Will a few select words in a redevelopment contract signed in 2008 come back to haunt Washington Township? Have they already?
Elected officials in the town Wednesday night again stifled a proposed tax deal for a redeveloper planning to build hundreds of apartments and townhomes — plus shops and offices — when council decided 3-2 to table a vote on the matter until 2015. The action was praised by a crowd of residents agitated by the deal for the Washington Square project.
But the move leaves Washington Township in a precarious situation: Had council approved the proposed 30-year tax deal, it would have satisfied a settlement in a lawsuit brought against the municipality by the redeveloper in 2013.
Now, a lengthy and costly legal battle may be brewing. An attorney for the redeveloper, known as Washington Square Partners, said his clients were "not waiting."
"The township is in the position we are in today because of the agreement that was executed and approved in 2008," Township Business Administrator Robert Smith said earlier this week. "It was a different mayor and it was a different council."
The six-year-old contract states: "Redevelopment Entity, Township, and Redeveloper acknowledge that Redeveloper may require a Payment In Lieu of Taxation or a Tax Abatement in order to make the Project feasible, without which, Redeveloper may not be able to proceed under this Redevelopment Agreement."
State Assemblyman Paul D. Moriarty (D., Gloucester), the township's mayor through 2008, called the redevelopment agreement "standard."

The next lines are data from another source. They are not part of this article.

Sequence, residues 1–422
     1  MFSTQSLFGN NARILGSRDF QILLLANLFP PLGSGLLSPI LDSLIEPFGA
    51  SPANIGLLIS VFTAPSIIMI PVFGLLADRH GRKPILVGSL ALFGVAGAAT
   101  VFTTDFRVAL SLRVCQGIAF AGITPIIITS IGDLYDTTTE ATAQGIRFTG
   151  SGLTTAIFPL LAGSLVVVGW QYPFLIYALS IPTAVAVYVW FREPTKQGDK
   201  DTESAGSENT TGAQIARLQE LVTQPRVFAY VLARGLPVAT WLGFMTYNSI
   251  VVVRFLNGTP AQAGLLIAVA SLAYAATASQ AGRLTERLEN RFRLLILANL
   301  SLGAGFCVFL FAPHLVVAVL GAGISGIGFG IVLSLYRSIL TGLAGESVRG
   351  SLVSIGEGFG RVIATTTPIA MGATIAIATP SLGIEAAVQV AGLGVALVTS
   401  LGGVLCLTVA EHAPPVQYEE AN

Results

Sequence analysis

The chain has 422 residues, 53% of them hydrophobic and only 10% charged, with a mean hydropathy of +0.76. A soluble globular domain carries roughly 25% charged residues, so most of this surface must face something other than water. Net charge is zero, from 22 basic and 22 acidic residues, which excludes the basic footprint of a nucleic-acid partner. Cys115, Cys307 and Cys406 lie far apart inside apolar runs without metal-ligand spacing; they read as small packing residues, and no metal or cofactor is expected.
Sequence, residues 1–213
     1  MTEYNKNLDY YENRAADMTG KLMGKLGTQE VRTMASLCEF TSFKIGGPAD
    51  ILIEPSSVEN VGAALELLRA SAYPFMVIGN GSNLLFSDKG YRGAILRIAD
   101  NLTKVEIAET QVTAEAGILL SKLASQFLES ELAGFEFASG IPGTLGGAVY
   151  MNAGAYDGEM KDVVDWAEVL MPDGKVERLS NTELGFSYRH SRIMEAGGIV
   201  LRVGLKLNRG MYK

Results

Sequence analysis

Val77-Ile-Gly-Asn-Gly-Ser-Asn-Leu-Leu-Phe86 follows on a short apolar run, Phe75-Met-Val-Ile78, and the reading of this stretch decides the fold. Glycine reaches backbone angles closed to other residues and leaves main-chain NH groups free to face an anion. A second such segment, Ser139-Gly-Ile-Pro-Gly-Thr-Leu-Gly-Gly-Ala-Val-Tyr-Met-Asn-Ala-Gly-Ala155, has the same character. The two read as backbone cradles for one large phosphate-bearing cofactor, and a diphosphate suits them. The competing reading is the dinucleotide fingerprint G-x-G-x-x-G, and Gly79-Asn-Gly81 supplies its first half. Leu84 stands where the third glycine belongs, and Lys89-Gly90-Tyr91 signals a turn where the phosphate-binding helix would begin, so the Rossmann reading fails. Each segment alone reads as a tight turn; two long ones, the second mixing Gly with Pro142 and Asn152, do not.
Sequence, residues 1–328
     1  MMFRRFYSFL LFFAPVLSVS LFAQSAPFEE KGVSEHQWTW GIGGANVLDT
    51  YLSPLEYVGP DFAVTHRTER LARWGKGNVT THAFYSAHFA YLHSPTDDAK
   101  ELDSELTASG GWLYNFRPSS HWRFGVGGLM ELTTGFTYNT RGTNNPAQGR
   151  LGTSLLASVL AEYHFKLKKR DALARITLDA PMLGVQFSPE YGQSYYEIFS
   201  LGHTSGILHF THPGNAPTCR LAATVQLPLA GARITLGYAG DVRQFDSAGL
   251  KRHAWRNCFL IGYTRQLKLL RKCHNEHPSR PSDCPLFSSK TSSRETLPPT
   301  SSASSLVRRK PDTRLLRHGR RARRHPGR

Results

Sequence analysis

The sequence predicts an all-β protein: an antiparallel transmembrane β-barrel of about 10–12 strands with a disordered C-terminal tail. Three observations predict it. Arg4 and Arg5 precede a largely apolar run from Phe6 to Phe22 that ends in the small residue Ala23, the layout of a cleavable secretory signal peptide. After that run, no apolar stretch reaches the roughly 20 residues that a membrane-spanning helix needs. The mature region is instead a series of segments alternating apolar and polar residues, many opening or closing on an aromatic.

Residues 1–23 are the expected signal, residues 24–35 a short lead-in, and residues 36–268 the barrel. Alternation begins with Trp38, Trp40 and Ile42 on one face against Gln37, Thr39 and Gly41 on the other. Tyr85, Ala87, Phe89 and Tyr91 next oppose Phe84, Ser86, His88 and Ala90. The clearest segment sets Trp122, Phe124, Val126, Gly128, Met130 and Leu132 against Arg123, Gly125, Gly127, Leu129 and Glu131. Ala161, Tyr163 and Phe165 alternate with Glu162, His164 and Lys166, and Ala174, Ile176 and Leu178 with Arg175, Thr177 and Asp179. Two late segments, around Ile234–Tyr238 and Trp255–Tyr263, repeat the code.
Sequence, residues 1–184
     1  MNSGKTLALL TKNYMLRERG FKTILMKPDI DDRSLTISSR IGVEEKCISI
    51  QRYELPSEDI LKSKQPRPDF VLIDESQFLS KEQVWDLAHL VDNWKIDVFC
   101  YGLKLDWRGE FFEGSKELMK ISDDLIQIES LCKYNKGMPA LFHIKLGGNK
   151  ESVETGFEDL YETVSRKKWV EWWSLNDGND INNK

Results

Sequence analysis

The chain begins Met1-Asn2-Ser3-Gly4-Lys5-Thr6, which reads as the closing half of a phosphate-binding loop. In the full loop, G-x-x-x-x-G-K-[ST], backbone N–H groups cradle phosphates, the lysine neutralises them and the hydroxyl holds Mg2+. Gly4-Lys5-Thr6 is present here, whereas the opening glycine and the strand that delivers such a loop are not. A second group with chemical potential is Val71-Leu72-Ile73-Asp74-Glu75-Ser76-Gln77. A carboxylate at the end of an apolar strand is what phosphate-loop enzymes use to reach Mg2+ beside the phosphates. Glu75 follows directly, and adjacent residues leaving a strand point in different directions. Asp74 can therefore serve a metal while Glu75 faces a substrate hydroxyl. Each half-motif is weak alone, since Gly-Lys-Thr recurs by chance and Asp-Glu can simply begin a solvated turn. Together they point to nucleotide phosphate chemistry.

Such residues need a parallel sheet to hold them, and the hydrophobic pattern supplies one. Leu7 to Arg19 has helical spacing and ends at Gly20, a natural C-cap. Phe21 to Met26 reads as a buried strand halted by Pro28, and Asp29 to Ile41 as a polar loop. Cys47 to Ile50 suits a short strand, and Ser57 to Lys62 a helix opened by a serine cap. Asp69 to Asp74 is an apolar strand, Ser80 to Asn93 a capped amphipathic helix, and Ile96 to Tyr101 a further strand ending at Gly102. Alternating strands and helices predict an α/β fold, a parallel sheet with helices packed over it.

"To put in a line that says they may need this is kind of standard operating procedure," Moriarty said during an interview Wednesday afternoon. "They should be used to bring large development that can go other places."
The phrasing was deliberately vague, he said, and didn't provide for any specifics about the payment-in-lieu-of-taxes (PILOT), or its duration. "And they're used everywhere."
Last year, Mayor Barbara Wallace raised issues with the use of a PILOT, and council rejected the proposed agreement with a 3-2 vote, prompting the redeveloper's lawsuit.
"Nothing has changed with respect to...how we feel about PILOT for residential" projects, Smith said at the meeting Wednesday, saying he and the mayor are "absolutely opposed."
"What has changed is we have now gotten competent, legal advice," he added. "The risk outweighs the reward of going to trial."
But, despite the guidance of lawyers for the town, some officials maintain there is room to challenge the contract.
"'May' and 'shall' mean two different things," Council President Giancarlo D'Orazio said after voting to table the decision.
Alan D. Cander, an assistant professor at Rutgers University's Edward J. Bloustein School of Planning and Public Policy, said the language seemed odd.
"To me that's not an enforceable clause," Cander said. "You're either going to do a PILOT or you're not."
The vote Wednesday wasn't all that different from the one last year. Council Vice President Scott Newman and Councilman Chris Del Borrello, who voted to deny the PILOT plan in 2013, also opted to table it. Councilman Daniel Morley and Councilwoman Michelle Martin, who supported the PILOT proposed last year, voted against postponing the item.
Del Borrello, during the meeting, criticized the process in which information was provided to the governing body about the planned settlement in recent weeks and challenged the administration's stance on the issue.
"I don't believe in no-win situations," he said.